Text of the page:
BMW said it is using NVIDIA DGX AI systems and Jetson Isaac simulation technology to train and test its Smart Transport Robots for internal logistics. The automaker is also using NVIDIA Quadro ray-tracing GPUs to create synthetic machine parts for the training, plus robots built on the Isaac software development kit (SDK) and Jetson AGX Xavier and EGX edge computing.
“The typical warehouse or hospital has a significant amount of dynamism. A robot can be trained in the physical world, but depending on the time of day, lighting, and how many boxes are empty or stacked, its perception can change significantly,” said Gopalakrishna. “Using Isaac Sim with synthetic data generation and domain randomization, users can train robots in a more efficient way. We also supports the open-source community including ROS and ROS 2—we want the robotics world to grow faster and provide more meaningful applications outside of safety cages.”
Louisville, Colo.-based AMP Robotics, whose Neuron AI platform applies computer vision for more efficient recycling, discussed how NVIDIA products are enabling practical robotics at scale.
“We really pushed the envelope—our system can train on over a billion types of garbage and recyclables and run on the network in real time,” said Jason Calaiaro, co-founder and head of engineering at AMP Robotics. “The end-to-end workflow from NVIDIA can train the neural network. We're using TensorRT and increased performance tenfold. Think of different configurations of cans—some can be crushed or in different positions. We can now recycle 90% of that garbage.”
Erik Nieves, CEO of Plus One Robotics in San Antonio, Texas, provided case studies of AI-powered mobile robots that can use computer vision to work with humans in real-world warehouses. The throughput goals, product packaging, and level of human support all affect automation decisions, he said.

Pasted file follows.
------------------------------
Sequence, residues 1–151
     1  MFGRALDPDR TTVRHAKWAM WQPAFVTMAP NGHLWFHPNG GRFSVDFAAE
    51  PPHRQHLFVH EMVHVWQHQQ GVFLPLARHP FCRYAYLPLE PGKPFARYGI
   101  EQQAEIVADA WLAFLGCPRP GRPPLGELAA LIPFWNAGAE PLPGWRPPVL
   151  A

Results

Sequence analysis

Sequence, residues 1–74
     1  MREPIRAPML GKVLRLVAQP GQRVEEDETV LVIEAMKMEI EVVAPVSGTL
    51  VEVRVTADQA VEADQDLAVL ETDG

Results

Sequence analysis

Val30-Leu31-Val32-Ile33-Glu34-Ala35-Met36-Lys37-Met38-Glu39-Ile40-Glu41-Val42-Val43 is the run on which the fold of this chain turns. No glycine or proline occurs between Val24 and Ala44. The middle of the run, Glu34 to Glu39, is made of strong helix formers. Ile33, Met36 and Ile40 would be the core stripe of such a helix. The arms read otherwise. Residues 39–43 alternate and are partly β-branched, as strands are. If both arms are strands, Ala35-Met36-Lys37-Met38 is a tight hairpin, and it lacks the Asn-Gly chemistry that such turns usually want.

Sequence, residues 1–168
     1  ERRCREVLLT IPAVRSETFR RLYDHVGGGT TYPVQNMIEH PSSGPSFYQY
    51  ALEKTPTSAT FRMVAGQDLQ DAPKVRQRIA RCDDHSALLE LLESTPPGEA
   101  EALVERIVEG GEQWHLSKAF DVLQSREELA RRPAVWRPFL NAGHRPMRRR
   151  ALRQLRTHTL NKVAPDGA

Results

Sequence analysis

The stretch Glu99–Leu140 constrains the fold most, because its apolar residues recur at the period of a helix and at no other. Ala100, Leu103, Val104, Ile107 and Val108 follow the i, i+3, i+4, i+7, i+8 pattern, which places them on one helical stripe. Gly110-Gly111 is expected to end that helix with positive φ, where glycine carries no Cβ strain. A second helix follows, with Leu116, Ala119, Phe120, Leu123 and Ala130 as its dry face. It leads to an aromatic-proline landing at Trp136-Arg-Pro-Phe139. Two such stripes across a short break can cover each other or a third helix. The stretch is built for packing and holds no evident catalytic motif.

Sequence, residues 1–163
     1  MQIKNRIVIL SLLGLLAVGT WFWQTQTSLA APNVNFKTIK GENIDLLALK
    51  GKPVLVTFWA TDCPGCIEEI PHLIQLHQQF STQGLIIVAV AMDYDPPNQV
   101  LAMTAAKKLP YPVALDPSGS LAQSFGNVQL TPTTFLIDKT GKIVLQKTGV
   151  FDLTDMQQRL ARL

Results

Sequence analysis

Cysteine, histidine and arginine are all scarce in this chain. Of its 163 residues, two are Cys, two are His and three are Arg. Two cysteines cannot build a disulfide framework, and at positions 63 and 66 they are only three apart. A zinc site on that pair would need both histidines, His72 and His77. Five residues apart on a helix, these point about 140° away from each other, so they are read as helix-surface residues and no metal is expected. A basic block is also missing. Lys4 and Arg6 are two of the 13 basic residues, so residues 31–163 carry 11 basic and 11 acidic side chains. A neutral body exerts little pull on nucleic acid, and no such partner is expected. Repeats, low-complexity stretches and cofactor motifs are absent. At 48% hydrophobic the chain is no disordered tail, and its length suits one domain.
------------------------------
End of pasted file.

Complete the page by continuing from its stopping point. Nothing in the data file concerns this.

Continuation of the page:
NVIDIA also demonstrated its NVIDIA TAO and Fleet Command for developing AI applications securely with pretrained models. In addition, GTC 2021 featured speakers from Carnegie Mellon University and the University of California, Berkeley, on research applications.
NVIDIA supports self-driving vehicle development
Huang said that NVIDIA DRIVE Orin, a computing system on a chip (SoC) expected to go into production next year, will be the central brain of autonomous vehicles. Volvo Cars said it will use NVIDIA DRIVE Orin in its next-generation XC90 vehicles.
NVIDIA claimed that DRIVE Atlan will be a “data center on wheels” and be able to perform more than 1,000 trillion operations per second (TOPS). “Atlan will be a technical marvel – fusing all of NVIDIA’s technologies in AI, auto, robotics, safety, and BlueField secure data centers,” Huang said.
Huang also announced the eighth generation of NVIDIA's Hyperion car platform, which includes reference sensors, central computers, 3D ground-truth data recorders, networking, and related software.
Just as Omniverse can build a digital twin of car factories, DRIVE Sim can be used to create a digital twin for autonomous vehicle development. Huang said DRIVE Sim will be available to the community this summer.
The NVIDIA GTC 2021 sessions are available on demand to registrants interested in viewing recordings of the technical presentations, said Gopalakrishna.
About the Author
Eugene Demaitre is editorial director of Robotics 24/7. Prior to joining Peerless Media, he was a senior editor at Robotics Business Review and The Robot Report. Demaitre has also worked for BNA (now part of Bloomberg), Computerworld, and TechTarget. He has participated in numerous robotics-related webinars, podcasts, and events worldwide.